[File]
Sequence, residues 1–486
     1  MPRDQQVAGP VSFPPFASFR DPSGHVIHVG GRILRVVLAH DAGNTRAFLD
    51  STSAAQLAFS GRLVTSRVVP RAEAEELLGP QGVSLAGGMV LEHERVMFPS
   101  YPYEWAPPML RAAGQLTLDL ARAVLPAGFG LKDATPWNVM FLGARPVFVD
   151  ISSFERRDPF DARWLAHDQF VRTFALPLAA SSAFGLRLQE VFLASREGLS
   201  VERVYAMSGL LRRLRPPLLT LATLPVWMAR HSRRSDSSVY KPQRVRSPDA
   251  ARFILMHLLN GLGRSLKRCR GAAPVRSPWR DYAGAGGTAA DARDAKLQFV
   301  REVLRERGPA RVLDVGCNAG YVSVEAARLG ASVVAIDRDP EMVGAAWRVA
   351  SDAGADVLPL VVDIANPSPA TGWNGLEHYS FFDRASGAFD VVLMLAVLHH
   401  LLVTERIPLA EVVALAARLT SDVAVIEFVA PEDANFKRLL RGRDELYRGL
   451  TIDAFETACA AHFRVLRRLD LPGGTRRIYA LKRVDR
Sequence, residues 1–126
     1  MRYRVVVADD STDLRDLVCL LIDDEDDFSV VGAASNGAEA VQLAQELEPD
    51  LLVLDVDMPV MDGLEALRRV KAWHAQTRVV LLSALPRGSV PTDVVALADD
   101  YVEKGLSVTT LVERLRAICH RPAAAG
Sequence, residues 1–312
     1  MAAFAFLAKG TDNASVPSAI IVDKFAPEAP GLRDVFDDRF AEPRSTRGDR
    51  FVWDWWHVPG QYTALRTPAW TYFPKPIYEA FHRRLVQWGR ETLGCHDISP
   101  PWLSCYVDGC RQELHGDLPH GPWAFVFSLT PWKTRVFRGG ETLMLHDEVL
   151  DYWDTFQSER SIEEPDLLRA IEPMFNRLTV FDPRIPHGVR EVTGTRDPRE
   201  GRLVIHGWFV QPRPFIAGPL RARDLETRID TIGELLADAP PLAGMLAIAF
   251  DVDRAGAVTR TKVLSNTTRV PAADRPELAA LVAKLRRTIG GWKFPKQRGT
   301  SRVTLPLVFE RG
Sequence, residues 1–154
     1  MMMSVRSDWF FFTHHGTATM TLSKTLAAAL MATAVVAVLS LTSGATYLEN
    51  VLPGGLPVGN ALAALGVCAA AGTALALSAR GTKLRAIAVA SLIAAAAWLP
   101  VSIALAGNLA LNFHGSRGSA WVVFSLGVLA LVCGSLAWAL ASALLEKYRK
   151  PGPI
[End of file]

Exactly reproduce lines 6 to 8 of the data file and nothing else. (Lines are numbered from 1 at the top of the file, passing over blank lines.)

   201  VERVYAMSGL LRRLRPPLLT LATLPVWMAR HSRRSDSSVY KPQRVRSPDA
   251  ARFILMHLLN GLGRSLKRCR GAAPVRSPWR DYAGAGGTAA DARDAKLQFV
   301  REVLRERGPA RVLDVGCNAG YVSVEAARLG ASVVAIDRDP EMVGAAWRVA